Japan Geoscience Union Meeting 2016

Presentation information


Symbol M (Multidisciplinary and Interdisciplinary) » M-IS Intersection

[M-IS17] Paleoclimatology and paleoceanography

Mon. May 23, 2016 5:15 PM - 6:30 PM Poster Hall (International Exhibition Hall HALL6)

Convener:*Tomohisa Irino(Faculty of Environmental Earth Science, Hokkaido University), Minoru Ikehara(Center for Advanced Marine Core Research, Kochi University), Akira Oka(Atmosphere and Ocean Research Institute, The University of Tokyo), Yusuke Okazaki(Department of Earth and Planetary Sciences, Graduate School of Science, Kyushu University), Ikuko Kitaba(Research Centre for Palaleoclimatology, Ritsumeikan University), Akihisa Kitamura(Institute of Geosciences, Faculty of Science, Shizuoka University), Masaki Sano(Research Institute for Humanity and Nature), Ryuji Tada(Department of Earth and Planetary Science, Graduate School of Science, The Univeristy of Tokyo), Takeshi Nakagawa(Ritsumeikan University), Akira Hayashida(Department of Environmental Systems Science, Doshisha University)

5:15 PM - 6:30 PM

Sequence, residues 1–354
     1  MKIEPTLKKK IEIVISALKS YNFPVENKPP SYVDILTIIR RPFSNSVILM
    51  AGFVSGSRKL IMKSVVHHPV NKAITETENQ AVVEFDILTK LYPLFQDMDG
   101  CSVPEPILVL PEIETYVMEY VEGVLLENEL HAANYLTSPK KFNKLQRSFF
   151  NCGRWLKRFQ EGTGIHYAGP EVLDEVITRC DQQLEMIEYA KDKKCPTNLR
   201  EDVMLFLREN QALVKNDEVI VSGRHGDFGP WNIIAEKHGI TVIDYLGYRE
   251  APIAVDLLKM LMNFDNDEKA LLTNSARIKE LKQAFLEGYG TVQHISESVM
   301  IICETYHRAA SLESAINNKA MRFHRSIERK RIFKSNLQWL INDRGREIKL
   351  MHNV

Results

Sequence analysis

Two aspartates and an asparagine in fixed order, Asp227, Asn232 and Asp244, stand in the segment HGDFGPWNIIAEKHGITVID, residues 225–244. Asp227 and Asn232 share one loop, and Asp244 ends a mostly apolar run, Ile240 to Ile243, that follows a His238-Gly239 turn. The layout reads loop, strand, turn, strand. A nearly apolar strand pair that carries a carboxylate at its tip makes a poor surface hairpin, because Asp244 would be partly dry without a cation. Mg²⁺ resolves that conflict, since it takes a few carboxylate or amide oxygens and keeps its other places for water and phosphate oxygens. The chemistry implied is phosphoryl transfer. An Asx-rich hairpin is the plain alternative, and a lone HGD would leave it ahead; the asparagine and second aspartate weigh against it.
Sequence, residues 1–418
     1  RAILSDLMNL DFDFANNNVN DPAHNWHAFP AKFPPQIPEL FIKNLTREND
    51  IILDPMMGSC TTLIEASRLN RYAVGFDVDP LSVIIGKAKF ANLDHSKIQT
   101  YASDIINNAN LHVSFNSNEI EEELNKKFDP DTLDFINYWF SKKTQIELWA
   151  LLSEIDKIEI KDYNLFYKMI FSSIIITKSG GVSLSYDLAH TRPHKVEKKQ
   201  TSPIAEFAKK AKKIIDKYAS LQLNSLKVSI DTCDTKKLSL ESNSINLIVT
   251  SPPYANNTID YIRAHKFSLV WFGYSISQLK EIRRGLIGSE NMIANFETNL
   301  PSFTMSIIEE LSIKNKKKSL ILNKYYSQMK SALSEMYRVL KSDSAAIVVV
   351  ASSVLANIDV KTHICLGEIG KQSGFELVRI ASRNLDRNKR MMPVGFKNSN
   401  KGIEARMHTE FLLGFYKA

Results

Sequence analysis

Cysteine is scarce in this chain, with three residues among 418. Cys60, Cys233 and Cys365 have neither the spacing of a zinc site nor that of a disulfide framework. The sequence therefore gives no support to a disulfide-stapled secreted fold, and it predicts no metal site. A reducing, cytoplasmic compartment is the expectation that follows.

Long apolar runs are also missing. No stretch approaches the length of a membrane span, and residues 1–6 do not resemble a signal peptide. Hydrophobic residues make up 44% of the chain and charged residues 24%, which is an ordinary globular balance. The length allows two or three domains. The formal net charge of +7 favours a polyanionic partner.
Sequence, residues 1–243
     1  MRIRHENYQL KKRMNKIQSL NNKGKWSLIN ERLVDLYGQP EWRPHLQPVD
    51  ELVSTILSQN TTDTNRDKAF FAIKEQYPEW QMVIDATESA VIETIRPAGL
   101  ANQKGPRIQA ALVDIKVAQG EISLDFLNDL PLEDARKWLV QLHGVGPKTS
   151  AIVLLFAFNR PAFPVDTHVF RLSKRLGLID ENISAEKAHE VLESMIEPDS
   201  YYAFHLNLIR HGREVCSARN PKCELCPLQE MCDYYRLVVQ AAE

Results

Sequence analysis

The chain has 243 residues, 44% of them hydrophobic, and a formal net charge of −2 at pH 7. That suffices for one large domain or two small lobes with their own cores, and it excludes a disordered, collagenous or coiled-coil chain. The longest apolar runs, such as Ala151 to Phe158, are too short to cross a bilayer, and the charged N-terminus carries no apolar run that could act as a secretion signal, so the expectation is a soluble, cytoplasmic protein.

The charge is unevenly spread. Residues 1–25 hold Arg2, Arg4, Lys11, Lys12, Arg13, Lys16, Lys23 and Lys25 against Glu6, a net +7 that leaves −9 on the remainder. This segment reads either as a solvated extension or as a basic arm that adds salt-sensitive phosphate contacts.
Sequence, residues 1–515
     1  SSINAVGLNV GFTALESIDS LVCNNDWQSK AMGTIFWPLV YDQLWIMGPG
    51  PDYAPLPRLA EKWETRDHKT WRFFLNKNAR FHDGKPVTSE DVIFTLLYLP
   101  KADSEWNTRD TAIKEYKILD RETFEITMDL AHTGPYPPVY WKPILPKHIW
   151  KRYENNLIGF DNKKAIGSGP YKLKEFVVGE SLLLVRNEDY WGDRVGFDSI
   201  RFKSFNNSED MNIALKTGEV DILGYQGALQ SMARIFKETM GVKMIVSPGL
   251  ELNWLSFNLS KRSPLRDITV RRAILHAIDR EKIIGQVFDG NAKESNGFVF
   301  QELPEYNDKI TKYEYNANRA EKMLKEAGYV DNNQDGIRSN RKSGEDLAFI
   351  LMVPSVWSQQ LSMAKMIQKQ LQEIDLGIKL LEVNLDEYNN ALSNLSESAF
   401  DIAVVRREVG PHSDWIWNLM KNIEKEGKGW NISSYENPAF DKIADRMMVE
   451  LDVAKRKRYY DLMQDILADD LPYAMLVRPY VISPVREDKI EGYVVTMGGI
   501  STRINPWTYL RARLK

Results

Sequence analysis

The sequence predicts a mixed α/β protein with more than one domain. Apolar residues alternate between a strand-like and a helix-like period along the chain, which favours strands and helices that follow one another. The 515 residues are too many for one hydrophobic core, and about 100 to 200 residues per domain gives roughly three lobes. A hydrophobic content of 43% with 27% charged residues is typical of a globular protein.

[MIS17-P30] Paleoceanographic reconstruction using siliceous microfossils from the Atlantic sector of the Southern Ocean

*Yuji Kato1, Saki Ishino1, Itsuki Suto1 (1.Graduate School of Environmental Studies, Nagoya University)

Keywords:the Southern Ocean, diatom, resting spore, chrysophyte cysts, ODP, DSDP

Abundant siliceous microfossils such as diatoms are often found from the Neogene–Quaternary sediments in the Southern Ocean, therefore, the fossil diatoms give us important information of environmental changes in the past. However, paleoceanographic studies based on diatom analysis that focus on the long-term paleoenvironmental changes are very rare, whereas most studies have dealt with the Last Glacial Maximum and Holocene environments. Furthermore, the other siliceous microfossils such as diatom Chaetoceros resting spores and chrysophyte cysts seem to be useful paleoenvironmental indicators to reconstruct changes in the upwelling system and to assess the influence of freshwater to the Southern Ocean.
In this study, the changes in the microfossil assemblages of ‘normal’ diatoms, Chaetoceros resting spores and chrysophyte cysts are investigated in order to estimate a long-term trend of paleoceanographic changes (e.g., changes in sea-ice distribution, and location and strength of upwelling and the Antarctic Circumpolar Current system) around the Southern Ocean. In the current presentation, we would like to present and discuss on the paleontological data derived from the ODP Site 689 and DSDP Site 513 materials (Atlantic sector of the Southern Ocean).